Language is a funny thing. It can bring great joy and great frustration, and the line between the two is often fuzzy. In business, this is even mor
Language is a funny thing. It can bring great joy and great frustration, and the line between the two is often fuzzy. In business, this is even more true. Everyday, companies communicate with customers, and as business owners, we must continually check that we are using the right words to send the right message. Here are 3 phrases to eliminate from your staff’s vocabulary in order to insure that your company comes across with compassion in every interaction.
As a courtesy. This concept is the abstract knife of death in the customer relationship. What follows is without fail something that is going to belittle your customer’s concern, fuel his rage, or confirm that your company doesn’t really care. Ex. My company sends out a box late to a customer, the customer calls to complain, and is told, “As a one-time courtesy, I can give you a shipping credit.” Rather than letting him know that we share his disappointment and expressing our embarrassment at our mistake, this language implies no remorse on our part, and would surreptitiously place blame on our customer. This undermines the customer’s trust and gives him motivation to find a new supplier. Not a message I want to send.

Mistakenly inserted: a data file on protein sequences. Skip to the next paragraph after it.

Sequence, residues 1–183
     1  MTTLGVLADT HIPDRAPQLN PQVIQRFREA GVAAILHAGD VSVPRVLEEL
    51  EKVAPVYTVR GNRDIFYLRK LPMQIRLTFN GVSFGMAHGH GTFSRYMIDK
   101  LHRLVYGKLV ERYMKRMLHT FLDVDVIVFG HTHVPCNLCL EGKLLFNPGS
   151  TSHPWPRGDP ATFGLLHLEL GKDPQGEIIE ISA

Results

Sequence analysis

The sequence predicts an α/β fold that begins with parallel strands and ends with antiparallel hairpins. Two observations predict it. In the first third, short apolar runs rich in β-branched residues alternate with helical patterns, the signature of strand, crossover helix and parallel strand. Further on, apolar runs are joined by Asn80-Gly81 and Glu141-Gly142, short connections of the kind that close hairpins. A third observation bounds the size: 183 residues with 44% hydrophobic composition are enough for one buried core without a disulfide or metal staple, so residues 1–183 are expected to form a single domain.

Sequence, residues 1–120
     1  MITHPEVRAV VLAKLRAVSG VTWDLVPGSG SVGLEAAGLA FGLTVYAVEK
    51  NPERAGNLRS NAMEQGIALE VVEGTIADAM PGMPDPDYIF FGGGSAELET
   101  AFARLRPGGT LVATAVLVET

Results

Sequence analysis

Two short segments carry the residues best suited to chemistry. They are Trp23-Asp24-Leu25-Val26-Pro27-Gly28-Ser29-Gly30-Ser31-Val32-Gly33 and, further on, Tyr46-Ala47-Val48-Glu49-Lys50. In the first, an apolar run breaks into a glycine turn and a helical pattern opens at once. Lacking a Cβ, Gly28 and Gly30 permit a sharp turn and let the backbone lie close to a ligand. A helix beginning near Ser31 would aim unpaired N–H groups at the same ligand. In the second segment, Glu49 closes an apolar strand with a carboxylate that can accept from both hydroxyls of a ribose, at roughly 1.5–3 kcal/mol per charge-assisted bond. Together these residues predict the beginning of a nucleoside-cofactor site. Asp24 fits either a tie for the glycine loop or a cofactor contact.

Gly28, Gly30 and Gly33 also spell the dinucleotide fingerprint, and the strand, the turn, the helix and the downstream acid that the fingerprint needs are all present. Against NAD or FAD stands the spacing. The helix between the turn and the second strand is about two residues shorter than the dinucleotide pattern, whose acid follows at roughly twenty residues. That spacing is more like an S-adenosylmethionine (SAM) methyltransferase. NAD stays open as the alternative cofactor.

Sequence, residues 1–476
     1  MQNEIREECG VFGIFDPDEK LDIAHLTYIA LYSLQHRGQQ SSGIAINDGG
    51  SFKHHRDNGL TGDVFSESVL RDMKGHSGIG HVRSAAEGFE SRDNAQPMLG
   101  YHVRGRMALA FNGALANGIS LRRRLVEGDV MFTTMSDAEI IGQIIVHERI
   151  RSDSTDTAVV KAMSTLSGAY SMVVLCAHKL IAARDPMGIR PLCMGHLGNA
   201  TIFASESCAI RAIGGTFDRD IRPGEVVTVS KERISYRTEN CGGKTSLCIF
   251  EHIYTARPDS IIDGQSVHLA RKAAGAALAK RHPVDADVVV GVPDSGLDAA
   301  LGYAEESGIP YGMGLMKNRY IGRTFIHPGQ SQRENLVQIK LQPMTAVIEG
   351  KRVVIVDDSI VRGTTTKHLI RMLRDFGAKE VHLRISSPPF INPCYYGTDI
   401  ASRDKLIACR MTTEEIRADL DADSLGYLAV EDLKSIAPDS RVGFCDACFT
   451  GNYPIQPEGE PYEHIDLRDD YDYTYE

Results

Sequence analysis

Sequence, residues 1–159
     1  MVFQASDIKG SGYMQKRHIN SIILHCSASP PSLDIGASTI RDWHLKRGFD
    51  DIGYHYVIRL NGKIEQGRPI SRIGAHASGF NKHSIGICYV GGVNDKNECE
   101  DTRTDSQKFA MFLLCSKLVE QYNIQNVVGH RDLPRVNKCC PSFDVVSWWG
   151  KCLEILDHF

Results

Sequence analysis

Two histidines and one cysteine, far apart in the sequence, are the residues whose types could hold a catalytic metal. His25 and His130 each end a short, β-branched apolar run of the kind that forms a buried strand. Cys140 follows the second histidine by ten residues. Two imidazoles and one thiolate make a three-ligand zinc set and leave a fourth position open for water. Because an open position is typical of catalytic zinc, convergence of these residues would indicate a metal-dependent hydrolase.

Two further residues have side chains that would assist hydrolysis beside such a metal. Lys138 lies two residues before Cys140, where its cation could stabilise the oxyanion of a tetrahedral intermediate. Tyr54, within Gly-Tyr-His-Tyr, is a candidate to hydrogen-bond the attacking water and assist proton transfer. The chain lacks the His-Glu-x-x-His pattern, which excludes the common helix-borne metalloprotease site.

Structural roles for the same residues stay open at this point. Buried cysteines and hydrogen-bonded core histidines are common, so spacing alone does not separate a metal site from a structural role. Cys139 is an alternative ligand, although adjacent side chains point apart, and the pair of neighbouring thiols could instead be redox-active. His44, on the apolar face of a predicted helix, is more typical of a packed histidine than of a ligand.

I’ll make an exception. This phrase is meant to calm customers, but in actuality, does the exact opposite. An exception happens when someone has done something wrong, but is going to get a pass on the punishment. In business, it is used to exonerate a company rather than a customer. It allows the company to avoid saying sorry, and instead, asks the customer to shoulder the shame. Ex. My company has a cut-off time of 2:00 for an order to be guaranteed same day shipping. A customer calls at 4:00 after realizing he ran out of something sooner than he anticipated. He is told “I’ll make an exception and see if we can get your package out today.” Rather than being grateful for his business, we would be telling him he should be grateful we’re going to save him. This breeds a relationship of resentment instead of partnership. Not a feeling I want to cause.
Our company policy is. This expression is the absolute worst thing you can say to a customer. When a customer hears it, he knows you have not listened to anything he has said, that you will not act in his best interest, and that you are only interested in taking his money. Ex. My company has a $100 minimum, but a customer calls in having forgotten 1 thing on his order the day after it shipped. The item is only $5.33. He is told “Our company policy is that we have a $100 minimum.” Rather than letting him know that we care about his business and understand the predicament he is in, this language implies that our rigidity trumps our common sense, and would leave the customer no way to get his needs met. This communicates that the customer is a replaceable commodity rather than a precious resource. Not a value I stand for.
Words can be wonderful tools or dastardly weapons. When you build your business’ vocabulary, it is important to vet them carefully, think about their repercussions, and teach the whole staff why the things they say matter.
Published on: Dec 20, 2018
This article is from Inc.com